Furthermore, [13] investigated subscribers’ behaviour and perceptions toward switching after the introducing of MNP in Korean telecom industry. They observed that there is a lack of understanding of the full implications of MNP, which means that MNP has not always translated into consumer benefits. Their results showed that MNP has not significantly contributed to the regulator’s goal of removing switching barriers that are prevalent in subscribers’ perception, and that though MNP has lower switching costs, the remaining potential switching costs are still large.

They, however, admitted that MNP has indirectly enhanced switching barriers through the increased subscriber lock-in strategy and its tactics. Their findings are partially consistent with other studies on Korean MNP such as [20], which report a brand effect among subscribers that they feel MNP demands differently. Although number portability is designed to benefit consumers, it becomes possible that the corresponding increase in marginal cost of production reduces consumer surplus and makes entrants and consumers worse off.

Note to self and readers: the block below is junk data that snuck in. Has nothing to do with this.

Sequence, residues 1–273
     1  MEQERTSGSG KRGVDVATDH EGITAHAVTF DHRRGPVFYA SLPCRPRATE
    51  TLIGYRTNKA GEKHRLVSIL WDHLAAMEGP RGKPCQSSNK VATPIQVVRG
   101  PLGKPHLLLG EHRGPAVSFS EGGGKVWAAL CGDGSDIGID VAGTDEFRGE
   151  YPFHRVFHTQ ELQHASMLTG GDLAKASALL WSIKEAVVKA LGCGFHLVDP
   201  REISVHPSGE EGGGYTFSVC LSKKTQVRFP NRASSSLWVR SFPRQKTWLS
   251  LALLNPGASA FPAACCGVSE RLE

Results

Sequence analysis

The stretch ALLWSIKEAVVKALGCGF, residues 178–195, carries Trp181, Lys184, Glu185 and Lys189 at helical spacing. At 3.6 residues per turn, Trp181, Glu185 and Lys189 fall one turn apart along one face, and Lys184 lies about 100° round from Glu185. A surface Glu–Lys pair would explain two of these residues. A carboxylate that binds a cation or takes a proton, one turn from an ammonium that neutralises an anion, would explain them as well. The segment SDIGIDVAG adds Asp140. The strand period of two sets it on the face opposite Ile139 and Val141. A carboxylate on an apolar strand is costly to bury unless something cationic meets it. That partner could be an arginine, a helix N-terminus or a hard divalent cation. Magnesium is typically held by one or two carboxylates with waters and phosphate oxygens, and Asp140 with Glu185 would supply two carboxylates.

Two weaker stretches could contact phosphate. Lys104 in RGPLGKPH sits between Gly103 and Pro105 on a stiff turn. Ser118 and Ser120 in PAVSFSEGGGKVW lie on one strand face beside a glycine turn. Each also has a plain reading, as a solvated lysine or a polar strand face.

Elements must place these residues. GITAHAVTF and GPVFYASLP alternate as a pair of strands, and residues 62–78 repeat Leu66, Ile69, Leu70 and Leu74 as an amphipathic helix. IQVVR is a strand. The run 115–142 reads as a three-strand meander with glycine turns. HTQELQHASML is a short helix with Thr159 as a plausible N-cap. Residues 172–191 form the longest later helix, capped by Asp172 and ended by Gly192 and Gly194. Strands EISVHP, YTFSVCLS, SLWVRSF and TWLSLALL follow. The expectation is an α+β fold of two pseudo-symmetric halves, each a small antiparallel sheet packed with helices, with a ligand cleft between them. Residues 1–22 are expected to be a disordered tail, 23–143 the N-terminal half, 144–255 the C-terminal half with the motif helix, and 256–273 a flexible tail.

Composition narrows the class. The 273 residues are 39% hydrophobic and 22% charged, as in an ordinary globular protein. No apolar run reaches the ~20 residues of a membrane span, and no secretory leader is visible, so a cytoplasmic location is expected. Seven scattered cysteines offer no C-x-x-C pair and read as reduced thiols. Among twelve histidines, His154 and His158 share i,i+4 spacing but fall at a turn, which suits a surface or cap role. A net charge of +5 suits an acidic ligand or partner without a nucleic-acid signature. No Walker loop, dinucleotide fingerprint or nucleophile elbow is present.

Thus, previous studies have emphasised the relevance of MNP but have noted the discrepancy found across countries regarding the benefits of MNP. These studies have also suggested that regulators should not just enforce MNP, but need to develop socially desirable and economically competitive policy. Regulators are also to seek to reduce consumer ignorance (or misconception) and raise customers’ perceptions on MNP. This argument can be supported by previous research of [19] who investigate the effects of consumer ignorance of relevant pricing and suggest that MNP may deteriorate the customers’ price information. It has also been noted that regulators face difficult practical decisions of MNP when and how to implement it, and how to reap these benefits [13].

2.2. MNP Research in Developing Country Context

Relatively few studies have been done in MNP in developing country context. In South Africa, [22] found that MNP implementation is intensifying competition among industry players. Customers have been worried over service quality issues and especially delays in the porting process. Also, [5] studied MNP among college students. He notes that there is evidence of little or no participation of MNP among college students, and argues that the threats poised by MNP functionalities regarding the loss of customer base automatically have great impact on the costing which in turn impacted on the high online connectivity rate among the college students.